Never show up at the last minute. You need to give yourself and the airline plenty of time to get things set up. When your dog flies in cargo, you will need to head to a different terminal, the air freight terminal, which is in a completely different part of the airport from where you usually fly. Get directions on how to get there and drop your dog off early.
They Need a Crate
Your golden retriever will not be allowed to just wander around the cargo area. This would end up harming them anyway. They will need to stay in a crate to stay safe and in one spot. The cargo area will be safe for them, but you should do your part to make the crate as comfortable for your golden as possible.
If you’ve worked on crate training with your dog in the past, bring along that crate because it’s something they’re already familiar with. If not, then start working with your dog now. Teach them how to get in and out of the crate, and make them feel like this is normal and secure.
You don’t want to add to your dogs stress and anxiety on the plane because they don’t know how to stay calm in the crate, so work with them early.
If you don’t already have a crate or you’re not sure what I’m talking about, you can check out this top-rated crate on amazon. It will provide your pooch with a safe place to be, both on the flight and once you reach your destination.
Paperwork From the Vet
Whether your dog is going to sit in the passenger area with you, or in cargo, you need to have paperwork from the vet stating the dog is healthy and up to date on their shots and other checkups.
If the dog is a service animal, you’ll also need a medical form stating that you need a service animal and that your dog is trained to help you and will do well on the plane.
It’s recommended to get this paperwork as close to the flight as possible. Most airlines require it to be within ten days of the flight. It may add to the stress of traveling with your pet to fit one more thing in, but it will make boarding a little easier.
Any Special Toys
While you don’t want to load up the crate with a bunch of stuff from home, you can consider bringing one special toy or blanket that’s important to your dog. When they’re put alone into the cargo area, they will appreciate having something familiar on hand to keep them calm and comfortable.
Leash and Collar
Always leave the collar on your dog when you get onto a plane. This will make it easier for everyone on the airline to keep track of your golden retriever, even if their name and address is on the crate as well.
Leaving the collar on can also save you some space by having one less thing to carry. If your dog is going to be in the passenger area with you, they’ll need to have a collar and leash on as well.
Tips for Flying With Your Dog
There are a few steps you can take to prepare yourself and your dog before you even head off to the airport.
Be Prepared Before Leaving for the Airport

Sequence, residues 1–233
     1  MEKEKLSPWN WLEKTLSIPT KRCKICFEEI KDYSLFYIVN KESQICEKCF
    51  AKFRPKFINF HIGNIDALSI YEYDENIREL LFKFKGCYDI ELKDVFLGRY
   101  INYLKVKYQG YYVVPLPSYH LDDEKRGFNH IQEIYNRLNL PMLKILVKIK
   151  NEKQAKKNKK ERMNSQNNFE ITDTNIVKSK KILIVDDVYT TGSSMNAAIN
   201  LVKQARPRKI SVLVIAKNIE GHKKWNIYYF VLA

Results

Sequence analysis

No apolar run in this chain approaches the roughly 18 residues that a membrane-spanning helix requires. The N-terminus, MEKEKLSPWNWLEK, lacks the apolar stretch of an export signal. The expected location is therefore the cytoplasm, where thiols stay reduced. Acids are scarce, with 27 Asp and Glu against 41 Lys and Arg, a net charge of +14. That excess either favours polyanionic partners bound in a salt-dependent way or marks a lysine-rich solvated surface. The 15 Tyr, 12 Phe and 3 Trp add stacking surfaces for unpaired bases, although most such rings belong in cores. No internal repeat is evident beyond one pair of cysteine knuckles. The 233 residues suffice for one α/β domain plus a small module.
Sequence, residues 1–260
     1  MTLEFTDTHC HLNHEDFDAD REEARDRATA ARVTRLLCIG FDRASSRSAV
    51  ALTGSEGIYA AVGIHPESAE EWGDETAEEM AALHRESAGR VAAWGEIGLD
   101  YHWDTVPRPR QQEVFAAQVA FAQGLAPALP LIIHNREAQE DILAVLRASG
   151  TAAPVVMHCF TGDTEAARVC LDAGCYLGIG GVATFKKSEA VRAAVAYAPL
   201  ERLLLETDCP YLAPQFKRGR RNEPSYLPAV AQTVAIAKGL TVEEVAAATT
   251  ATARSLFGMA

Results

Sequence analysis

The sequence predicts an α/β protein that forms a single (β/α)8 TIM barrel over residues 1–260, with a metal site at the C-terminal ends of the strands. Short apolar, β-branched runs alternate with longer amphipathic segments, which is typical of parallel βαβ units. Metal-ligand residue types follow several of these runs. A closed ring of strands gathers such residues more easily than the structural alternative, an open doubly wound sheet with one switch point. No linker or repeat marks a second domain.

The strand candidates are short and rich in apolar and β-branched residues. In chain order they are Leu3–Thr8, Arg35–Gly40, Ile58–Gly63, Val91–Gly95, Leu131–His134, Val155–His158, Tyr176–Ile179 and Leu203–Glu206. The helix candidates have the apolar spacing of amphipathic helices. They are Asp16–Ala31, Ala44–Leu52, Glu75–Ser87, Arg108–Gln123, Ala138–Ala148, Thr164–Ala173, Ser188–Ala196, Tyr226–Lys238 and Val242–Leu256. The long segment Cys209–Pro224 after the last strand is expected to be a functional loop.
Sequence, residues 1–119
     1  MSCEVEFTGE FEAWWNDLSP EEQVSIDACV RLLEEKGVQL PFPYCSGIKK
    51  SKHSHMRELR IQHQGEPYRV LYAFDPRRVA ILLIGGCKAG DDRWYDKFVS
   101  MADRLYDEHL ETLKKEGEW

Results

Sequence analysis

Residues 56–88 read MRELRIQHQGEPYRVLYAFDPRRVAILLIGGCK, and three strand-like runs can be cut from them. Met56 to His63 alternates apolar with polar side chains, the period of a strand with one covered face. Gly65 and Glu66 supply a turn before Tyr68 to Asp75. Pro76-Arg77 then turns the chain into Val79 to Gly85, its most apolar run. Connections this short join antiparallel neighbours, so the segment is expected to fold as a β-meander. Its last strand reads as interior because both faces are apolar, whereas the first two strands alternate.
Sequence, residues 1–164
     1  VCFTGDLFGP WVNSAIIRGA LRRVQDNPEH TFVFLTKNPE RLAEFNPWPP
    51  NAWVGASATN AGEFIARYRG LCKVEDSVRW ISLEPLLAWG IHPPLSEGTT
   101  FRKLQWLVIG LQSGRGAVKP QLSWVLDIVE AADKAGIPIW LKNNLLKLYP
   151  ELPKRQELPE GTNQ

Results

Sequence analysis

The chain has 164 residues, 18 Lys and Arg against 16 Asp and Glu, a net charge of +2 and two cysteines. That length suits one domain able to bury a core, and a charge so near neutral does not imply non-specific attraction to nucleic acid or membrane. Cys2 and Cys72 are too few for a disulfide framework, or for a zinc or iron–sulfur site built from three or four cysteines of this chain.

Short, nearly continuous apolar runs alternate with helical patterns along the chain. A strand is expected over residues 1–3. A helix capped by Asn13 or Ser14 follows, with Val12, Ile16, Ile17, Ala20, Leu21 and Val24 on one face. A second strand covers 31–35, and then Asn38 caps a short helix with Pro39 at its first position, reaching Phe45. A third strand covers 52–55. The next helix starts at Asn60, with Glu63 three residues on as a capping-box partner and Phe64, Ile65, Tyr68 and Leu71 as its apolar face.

Traveling on your own is often stressful enough. You also need to make sure that you are prepared for taking your dog along as well. A few tips that you can use to make things easier before you even leave for the airport, and to ensure transitioning onto the plane is simple, include:
Check the Airline
We listed a few of the major American airlines above and some of their rules for allowing animals onto the plane. But each airline is different and these rules frequently do change. It’s a good idea to give them a call to check on specific rules for your golden retriever, and to let the airline know ahead of time that you plan to bring a dog. This can limit issues later.
Visit the Vet
It’s often recommended that you take your dog to the vet within ten days of the planned trip. You want to get a statement of acclimation. This is basically stating that your dog is healthy, up to date on all necessary shots, and fit to fly.
Check the Weather
This is something you should wait until as late as possible to do because the weather is always changing. But try to look at the weather forecast for your destination as close to your flight time as possible. Most airlines agree that your dog will not be allowed to fly in cargo if the temperature on the ground is higher than 85 degrees or below 25 degrees.
In some cases, and depending on the airline, it’s possible that an acclimation certification, like what we discussed above, can be accepted. This allows the dog to fly even during extremely cold weather and proves the dog can handle it. The airline will only consider this if your dog is acclimated and used to the cold to begin with.
Get the Weight of the Crate
You need to do this two times. First, take the crate and get all the dimensions. Write these numbers down and keep it somewhere safe, so you don’t have to try to remember later. Then weight the crate when it’s empty, and again while your dog is inside. You will need this information at the airport as well.
While preparing the crate, make sure to place a label on the outside. Add your contact information and the name of the dog on it. You never know when the crate with your dog may get lost, and having this information is important to getting your dog back.
Give Them Plenty of Exercise
As close to leaving time as possible, give your dog plenty of opportunity to work off his excess energy. If you have to travel a few hours or more to get to the airport, leave some extra time to stop shortly before arrival at the airport and let your dog out to run.